Long-term yields for U.S. Treasuries should indeed firm but be tempered by a slowing as this phase o...
Steady Growth, with a Pinch of Seasoning
08/09/2010 12:00 pm EST
Vahan Janjigian, editor of Forbes Growth Investor, says spice purveyor McCormick should grow nicely in the next few years, and will likely boost its dividend, too.
McCormick (NYSE: MKC) sells spices and seasonings [to] customers [that] include grocery stores, food manufacturers, and restaurants. In fiscal 2009, 73% of net sales were generated in the Americas; 21% in Europe, Middle East and Africa (EMEA), and 6% in Asia/Pacific.
The consumer segment accounted for 58% of net sales and 75% of operating income in the first half of fiscal 2010. This segment makes spices, herbs, seasonings, dessert items, and other flavoring products.
Brands in the Americas include McCormick, Lawry’s, Club House, and Old Bay. The segment also markets private-label products. Wal-Mart Stores (NYSE: WMT) is the largest customer, responsible for 11% of fiscal 2009 net sales.
The industrial segment accounted for 42% of net sales and 25% of operating income. It makes seasonings, spices, herbs, wet flavors, and coatings [for] food manufacturers and food service customers, including Sysco (NYSE: SYY), Kraft Foods (NYSE: KFT), General Mills (NYSE: GIS), and McDonald’s (NYSE: MCD). PepsiCo (NYSE: PEP) is the largest industrial customer, responsible for 11% of fiscal 2009 net sales.
Sales have been relatively stable throughout the global economic downturn. Fiscal 2009 net sales climbed 0.5% year over year, to $3.19 billion, as higher prices and volumes offset unfavorable foreign exchange. The consumer business grew 3.3%, but the industrial business fell 3.4%. This is partly explained by consumers eating more meals at home.
Thanks to favorable foreign exchange and higher volumes, net sales [in the second fiscal quarter, ending May] grew 5.4% year over year to $798.3 million. The gross profit margin increased 101 basis points to 40.92%. The pro forma operating profit margin, which excludes restructuring charges in the prior year period, increased 40 basis points to 12.21%.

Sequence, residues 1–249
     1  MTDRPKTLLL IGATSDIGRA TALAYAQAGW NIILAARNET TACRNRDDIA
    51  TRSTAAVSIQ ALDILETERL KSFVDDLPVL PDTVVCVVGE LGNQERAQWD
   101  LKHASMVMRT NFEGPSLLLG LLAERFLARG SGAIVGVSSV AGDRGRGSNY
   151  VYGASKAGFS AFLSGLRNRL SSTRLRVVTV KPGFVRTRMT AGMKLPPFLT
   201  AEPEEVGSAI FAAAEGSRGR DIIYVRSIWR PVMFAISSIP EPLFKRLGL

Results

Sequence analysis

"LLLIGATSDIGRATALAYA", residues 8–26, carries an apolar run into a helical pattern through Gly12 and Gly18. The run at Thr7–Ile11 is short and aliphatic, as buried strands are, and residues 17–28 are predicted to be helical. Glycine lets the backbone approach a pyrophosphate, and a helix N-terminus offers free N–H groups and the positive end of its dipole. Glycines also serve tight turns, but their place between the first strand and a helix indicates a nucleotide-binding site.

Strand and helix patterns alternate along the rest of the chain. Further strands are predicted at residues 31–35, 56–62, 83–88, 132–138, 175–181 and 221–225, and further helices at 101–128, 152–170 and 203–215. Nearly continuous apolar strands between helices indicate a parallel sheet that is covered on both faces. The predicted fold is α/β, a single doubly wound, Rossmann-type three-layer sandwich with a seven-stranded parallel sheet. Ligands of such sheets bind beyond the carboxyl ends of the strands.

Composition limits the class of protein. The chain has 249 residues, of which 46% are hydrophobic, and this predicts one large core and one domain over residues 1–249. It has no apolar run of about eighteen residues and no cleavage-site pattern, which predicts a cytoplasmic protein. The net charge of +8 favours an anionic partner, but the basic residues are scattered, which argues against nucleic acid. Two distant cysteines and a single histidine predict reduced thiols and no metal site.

Pro forma net income jumped 19.5% to $66.2 million, or 49 cents per share [in the quarter, while analysts expect] pro forma net income [to rise] 10.2% year over year to $310.7 million, or $2.35 per share [in the 2010 fiscal year ending in November].
The noncyclical nature of the business should help keep demand levels relatively stable. However, management warned that recent exchange rate behavior would reduce sales for the second half of the fiscal year by about two percentage points.
Nonetheless, full-year earnings should hit the high end of guidance due to cost savings, which should exceed $40 million. For the long term, management expects 4% to 6% annual sales growth with the higher-margin consumer segment accounting for 64% of sales by 2015. Continued cost savings will boost profit margins and help the company reach its target of 9% to 11% earnings per share growth.
The board of directors authorized a $400-million share buyback plan in June. The company has paid a cash dividend for 86 consecutive years and has increased the payout for 24 consecutive years.
(The stock closed above $39 Friday, a little off its 52-week high—Editor.)
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